Prior to TCJA, tax filers could exclude $4,050 for themselves, their spouse, and any claimed dependents. The TCJA suspends these personal exemptions but simultaneously expands the child tax credits. Previously, families with income under $110k received a $1,000 tax credit for qualified children under the age of 17. The TCJA increases the credit to $2,000 and raises the income limit to $400k for those filing jointly. This tax credit applies irrespective of whether you take the standard deduction or itemize your deductions.
Alternative Minimum Tax (AMT)
The alternative minimum tax is a parallel tax system that may apply to certain higher earners with large itemized deductions. Taxpayers calculate their tax liability under each tax system and pay the higher of the two. As the TCJA reduced the number of people taking the itemized deduction, it also reduces the number of people subject to the AMT.
Estate Tax Exemption
The Federal estate tax is a tax applied to the fair market value of the assets you control at the time of your death, plus any gifts made during your lifetime above the annual gifting limit. Prior to the TCJA, the Federal estate tax applied to estates in excess of $5.49M. The TCJA increased the amount exempt from tax so that only estates in excess of $11.18M (2018) and 11.4M (2019) owe any tax Federal estate tax. Individual states may also impose their own estate tax. Changes to state estate tax rules are not covered in this article.
Changes for 2019
If you’re still reading, you deserve a gold star and some positive tax karma! There’s only a bit more to go and I will keep it brief.
In 2019, the standard deduction is $12,000 for single filers and $24,400 for those who are married filing jointly. You receive an additional standard deduction of $1,650 if you are single and over age 65 or blind. Joint filers receive an additional $1,300 per person over 65 or blind.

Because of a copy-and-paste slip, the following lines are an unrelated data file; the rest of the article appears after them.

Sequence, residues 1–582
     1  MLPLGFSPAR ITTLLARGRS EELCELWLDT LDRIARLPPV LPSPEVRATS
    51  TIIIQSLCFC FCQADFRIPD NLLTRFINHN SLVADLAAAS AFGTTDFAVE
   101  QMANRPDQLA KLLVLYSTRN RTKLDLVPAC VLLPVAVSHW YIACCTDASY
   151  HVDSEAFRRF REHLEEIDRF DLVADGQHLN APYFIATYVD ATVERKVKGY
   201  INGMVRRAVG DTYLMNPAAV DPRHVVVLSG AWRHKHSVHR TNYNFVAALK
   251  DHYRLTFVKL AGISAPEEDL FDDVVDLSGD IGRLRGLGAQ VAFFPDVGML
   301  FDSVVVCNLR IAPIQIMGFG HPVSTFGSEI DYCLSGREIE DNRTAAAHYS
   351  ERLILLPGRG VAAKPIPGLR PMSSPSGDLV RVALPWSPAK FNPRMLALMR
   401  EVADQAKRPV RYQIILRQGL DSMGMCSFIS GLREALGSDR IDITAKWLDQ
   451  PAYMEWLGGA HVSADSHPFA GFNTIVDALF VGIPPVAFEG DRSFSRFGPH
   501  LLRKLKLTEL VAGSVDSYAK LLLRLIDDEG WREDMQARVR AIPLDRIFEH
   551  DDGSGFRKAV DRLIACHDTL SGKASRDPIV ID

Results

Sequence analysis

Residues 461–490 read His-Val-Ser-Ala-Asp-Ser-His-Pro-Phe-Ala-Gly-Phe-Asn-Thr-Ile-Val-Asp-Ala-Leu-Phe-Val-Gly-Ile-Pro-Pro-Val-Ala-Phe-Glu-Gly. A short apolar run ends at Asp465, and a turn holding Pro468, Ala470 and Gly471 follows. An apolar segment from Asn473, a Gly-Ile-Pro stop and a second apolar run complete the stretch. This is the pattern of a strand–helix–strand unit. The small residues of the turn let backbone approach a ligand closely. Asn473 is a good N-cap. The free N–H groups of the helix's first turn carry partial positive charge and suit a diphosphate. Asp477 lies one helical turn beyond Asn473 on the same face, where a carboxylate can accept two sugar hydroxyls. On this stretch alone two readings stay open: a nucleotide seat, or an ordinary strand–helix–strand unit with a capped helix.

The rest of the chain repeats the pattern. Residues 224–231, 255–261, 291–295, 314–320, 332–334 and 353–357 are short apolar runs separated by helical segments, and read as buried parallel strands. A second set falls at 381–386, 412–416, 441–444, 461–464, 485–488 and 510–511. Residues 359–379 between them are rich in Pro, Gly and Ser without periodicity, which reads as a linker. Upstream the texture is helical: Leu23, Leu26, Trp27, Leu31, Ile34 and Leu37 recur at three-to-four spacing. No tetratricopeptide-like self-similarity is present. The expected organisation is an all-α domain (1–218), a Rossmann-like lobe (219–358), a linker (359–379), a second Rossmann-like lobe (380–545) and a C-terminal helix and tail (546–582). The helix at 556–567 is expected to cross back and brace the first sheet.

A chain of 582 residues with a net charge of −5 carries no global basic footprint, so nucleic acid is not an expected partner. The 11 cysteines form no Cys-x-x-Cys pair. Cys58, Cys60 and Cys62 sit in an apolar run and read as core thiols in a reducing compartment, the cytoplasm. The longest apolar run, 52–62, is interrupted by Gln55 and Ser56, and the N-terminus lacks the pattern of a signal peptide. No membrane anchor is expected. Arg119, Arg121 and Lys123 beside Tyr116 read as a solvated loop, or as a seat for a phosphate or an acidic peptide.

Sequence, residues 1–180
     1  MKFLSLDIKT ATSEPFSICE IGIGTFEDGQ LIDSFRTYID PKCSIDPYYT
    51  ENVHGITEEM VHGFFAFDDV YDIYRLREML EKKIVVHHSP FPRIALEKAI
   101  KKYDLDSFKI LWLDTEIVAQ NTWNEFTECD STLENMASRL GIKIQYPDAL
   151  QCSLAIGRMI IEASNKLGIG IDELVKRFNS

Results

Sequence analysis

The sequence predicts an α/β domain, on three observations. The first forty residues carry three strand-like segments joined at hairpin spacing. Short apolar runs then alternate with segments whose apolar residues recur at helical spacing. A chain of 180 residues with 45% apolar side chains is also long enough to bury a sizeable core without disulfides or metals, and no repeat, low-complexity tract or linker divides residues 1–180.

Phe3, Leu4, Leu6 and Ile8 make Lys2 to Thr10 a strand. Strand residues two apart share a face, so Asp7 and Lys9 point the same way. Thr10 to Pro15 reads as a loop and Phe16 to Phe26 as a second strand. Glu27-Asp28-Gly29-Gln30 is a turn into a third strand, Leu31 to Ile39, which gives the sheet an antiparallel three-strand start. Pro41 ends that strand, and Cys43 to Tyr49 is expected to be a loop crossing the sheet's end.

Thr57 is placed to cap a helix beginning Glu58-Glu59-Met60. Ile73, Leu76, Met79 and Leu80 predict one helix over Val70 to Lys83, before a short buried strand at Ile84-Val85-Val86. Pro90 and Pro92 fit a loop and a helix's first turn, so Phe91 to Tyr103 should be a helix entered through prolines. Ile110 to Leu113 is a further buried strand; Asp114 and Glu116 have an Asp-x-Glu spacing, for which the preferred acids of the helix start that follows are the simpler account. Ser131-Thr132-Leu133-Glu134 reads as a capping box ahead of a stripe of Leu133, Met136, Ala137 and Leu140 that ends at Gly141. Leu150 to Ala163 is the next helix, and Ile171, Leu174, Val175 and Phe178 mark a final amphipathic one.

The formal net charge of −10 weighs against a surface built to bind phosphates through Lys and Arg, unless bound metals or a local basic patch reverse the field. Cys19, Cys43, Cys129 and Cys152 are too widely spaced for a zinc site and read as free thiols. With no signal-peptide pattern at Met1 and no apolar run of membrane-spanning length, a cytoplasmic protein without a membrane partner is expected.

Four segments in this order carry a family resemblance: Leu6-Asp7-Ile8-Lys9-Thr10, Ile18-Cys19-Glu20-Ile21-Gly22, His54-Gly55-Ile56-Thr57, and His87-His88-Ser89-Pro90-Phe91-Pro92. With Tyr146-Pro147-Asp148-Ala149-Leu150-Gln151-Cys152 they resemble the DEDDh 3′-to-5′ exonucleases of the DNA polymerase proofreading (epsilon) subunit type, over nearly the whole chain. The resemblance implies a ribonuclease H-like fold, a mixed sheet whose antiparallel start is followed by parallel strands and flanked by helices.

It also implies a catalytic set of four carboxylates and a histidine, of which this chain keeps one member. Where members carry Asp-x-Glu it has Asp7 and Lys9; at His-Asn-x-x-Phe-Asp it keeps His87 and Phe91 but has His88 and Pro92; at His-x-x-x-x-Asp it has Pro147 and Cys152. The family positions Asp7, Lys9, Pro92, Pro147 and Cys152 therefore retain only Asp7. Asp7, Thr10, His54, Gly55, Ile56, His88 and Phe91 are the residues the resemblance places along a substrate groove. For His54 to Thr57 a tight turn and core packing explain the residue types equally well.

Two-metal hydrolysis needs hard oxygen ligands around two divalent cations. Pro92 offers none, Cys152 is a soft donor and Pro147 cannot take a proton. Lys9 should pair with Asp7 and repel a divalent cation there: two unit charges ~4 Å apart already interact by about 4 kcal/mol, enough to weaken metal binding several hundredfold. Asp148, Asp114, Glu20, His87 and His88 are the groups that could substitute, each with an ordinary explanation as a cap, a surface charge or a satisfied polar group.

Traditional and Roth IRAs
Contributions limits for traditional IRAs increase from $5,500 to $6k per person for 2019. Taxpayers over age 50 can make a catch-up contribution of an additional $1k per year. Roth IRA contributions are allowed for income under $122k (single) or $193k (joint filers). Income above these limits is either prohibited or subject to a phase-out.
Employer 401(k) and 403(b) plans
Maximum elective deferrals to these plans has increased from $18,500 (2018) to $19,000.
Maximum elective deferrals to these plans has increased from $12,500 (2018) to $13,000.
Maximum elective deferrals to these plans has increased from $55,000 (2018) to $56,000. Maximum contributions are based on a percentage of self-employment earnings. Consult your accountant to determine maximum contributions each year.
Health Savings Account (HSA) Contribution Limits
Maximum contributions to an HSA are $3,500 for single plans and $7,000 for a family. The catch-up available for individuals over age 55 remains unchanged.
Annual Gifting Limits
Gifting limits remain unchanged from 2018. Taxpayers can gift $15k per person before they need to file a gift tax return.
Estate Tax Exemption
The estate tax exemption amount increases from $11.2 million per person to $11.4 million per person.
While Congress passed the TCJA in 2017, we are now dealing with the first filing of returns under the new tax regime.You may find that your tax withholdings or estimated payments need updates based on the results of filing this year.Our financial plans incorporate these changes in the tax code. As always, if you have specific questions as they relate to your plan, please contact your Sensible Financial advisor.